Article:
Life as We Know It

By THE NEW YORK TIMES
June 25, 2007


Charles Darwin


Gregor Mendel


Kenneth Eward/Photo Researchers


Christian Darkin/Photo Researchers

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NATURAL SELECTION 1858

Charles Darwin and Alfred Russell Wallace both independently arrived at the theory of evolution by natural selection. They first presented their ideas together in 1858. In 1859 Darwin published his monumental work, “On the Origin of Species by Means of Natural Selection, or the Preservation of Favoured Races in the Struggle for Life.”

PRINCIPLES OF HEREDITY 1866

Gregor Mendel published his research on peas, laying the foundation for the study of genetics. The work, which would not be recognized until the turn of the century, revealed how traits are passed from generation to generation, providing a crucial missing piece of the workings of evolution.

THE MODERN SYNTHESIS 1940s

A number of scientists, including Theodosius Dobzhansky, left, brought together the young field of genetics, the historical view of paleontology, and the theory of evolution by natural selection to come up with a unified view of the evolutionary process. The modern synthesis has since served as the basic framework for all of evolutionary biology.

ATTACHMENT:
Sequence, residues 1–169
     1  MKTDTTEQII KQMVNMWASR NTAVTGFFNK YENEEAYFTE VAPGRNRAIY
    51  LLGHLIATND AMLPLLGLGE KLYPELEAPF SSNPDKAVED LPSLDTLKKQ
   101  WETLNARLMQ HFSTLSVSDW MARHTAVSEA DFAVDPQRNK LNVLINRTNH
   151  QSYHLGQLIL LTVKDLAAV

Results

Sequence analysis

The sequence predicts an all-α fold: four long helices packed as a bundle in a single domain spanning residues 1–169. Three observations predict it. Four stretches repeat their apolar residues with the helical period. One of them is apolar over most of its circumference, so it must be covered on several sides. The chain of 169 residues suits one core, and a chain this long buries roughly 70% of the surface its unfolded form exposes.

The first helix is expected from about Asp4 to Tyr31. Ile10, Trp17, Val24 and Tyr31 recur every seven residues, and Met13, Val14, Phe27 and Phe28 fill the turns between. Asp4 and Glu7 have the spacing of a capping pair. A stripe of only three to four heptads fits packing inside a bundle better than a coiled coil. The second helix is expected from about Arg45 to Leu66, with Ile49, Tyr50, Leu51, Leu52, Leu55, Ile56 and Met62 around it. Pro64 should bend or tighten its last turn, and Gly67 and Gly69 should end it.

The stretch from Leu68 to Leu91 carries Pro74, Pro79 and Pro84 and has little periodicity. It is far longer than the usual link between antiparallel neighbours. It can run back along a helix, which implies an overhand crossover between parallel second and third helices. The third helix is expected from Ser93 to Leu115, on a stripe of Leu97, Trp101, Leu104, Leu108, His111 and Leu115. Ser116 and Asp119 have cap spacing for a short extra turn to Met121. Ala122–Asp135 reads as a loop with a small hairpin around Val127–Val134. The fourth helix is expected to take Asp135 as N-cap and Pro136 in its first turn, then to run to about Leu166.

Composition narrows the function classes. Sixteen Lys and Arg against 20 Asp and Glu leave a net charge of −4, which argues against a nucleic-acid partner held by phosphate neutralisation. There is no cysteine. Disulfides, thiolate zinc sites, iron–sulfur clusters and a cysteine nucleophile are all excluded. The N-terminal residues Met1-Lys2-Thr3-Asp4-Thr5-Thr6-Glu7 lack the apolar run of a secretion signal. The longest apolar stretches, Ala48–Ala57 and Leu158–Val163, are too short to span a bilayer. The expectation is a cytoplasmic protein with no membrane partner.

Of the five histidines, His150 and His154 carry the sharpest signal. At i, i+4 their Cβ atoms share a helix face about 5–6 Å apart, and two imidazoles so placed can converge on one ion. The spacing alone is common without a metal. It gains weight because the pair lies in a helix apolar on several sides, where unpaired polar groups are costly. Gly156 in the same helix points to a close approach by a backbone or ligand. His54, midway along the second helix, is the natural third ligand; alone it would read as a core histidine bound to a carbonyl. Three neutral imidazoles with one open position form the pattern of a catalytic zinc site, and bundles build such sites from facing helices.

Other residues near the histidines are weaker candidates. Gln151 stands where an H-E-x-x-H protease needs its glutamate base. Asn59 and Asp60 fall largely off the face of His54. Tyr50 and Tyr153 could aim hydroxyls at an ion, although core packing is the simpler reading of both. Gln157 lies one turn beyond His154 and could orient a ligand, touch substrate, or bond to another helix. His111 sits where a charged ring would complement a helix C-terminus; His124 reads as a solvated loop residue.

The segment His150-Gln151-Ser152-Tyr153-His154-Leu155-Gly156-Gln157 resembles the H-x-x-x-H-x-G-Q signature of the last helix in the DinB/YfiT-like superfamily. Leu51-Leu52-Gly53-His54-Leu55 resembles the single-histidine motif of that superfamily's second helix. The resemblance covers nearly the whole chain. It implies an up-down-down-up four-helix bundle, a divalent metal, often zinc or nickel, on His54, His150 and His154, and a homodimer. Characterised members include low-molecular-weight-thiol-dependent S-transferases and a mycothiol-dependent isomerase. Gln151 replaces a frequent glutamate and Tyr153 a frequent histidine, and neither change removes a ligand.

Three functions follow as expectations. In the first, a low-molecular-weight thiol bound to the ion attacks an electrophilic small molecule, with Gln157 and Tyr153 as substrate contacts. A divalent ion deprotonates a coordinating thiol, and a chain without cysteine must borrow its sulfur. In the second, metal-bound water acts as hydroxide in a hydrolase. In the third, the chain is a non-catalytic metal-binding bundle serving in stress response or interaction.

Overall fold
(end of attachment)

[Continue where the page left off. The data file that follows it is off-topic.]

STRUCTURE OF DNA 1953

On April 25, 1953, James Watson and Francis Crick published “A Structure for Deoxyribose Nucleic Acid” in Nature. Their discovery changed the science of biology at least as much as Darwin and Wallace’s theory of natural selection. From that discovery have come the sequencing of entire genomes, including that of humans, and the molecular biology revolution, which provided powerful tools for all of biology — evolutionary biology included.

CONTINENTAL DRIFT 1960s

In 1915, Alfred Wegener published the theory of continental drift, which suggested that over time the continents had moved, an idea that finally gained acceptance in the 1960s. The theory offered new explanations for how the diversity of life came to colonize earth’s various land masses.

EXTINCTION THEORY 1980

Luis Alvarez, a physicist, his son, Walter Alvarez, a geologist, and other scientists discovered that an asteroid hit the earth 65 million years ago, right at the time of a mass extinction that included the dinosaurs. Such mass extinctions cause evolutionary upheavals.

LESSONS OF THE EYE 1995

Walter Gehring and colleagues showed that the Pax-6 gene was acting as the master switch turning on the development of eyes in animals as different as flies and humans. It was one of the earliest and most striking indications that evolution proceeded much more by tinkering with ancient genes and much less by outright invention than had ever been guessed.